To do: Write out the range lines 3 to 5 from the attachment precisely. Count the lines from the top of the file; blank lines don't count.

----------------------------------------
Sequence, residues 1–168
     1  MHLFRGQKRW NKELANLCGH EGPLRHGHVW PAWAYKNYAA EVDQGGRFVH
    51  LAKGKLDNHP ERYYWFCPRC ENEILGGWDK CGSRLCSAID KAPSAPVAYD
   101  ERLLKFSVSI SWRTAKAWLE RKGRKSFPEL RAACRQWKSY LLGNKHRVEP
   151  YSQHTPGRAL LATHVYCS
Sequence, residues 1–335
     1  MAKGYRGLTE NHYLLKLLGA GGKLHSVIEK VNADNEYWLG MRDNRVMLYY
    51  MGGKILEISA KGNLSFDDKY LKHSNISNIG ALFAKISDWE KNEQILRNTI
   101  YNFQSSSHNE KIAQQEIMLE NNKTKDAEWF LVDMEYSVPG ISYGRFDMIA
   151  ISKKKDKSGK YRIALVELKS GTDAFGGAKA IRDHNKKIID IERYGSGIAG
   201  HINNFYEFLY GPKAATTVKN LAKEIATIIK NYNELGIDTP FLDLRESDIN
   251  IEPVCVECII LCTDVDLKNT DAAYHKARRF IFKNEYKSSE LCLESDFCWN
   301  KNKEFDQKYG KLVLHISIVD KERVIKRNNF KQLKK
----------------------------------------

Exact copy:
    51  LAKGKLDNHP ERYYWFCPRC ENEILGGWDK CGSRLCSAID KAPSAPVAYD
   101  ERLLKFSVSI SWRTAKAWLE RKGRKSFPEL RAACRQWKSY LLGNKHRVEP
   151  YSQHTPGRAL LATHVYCS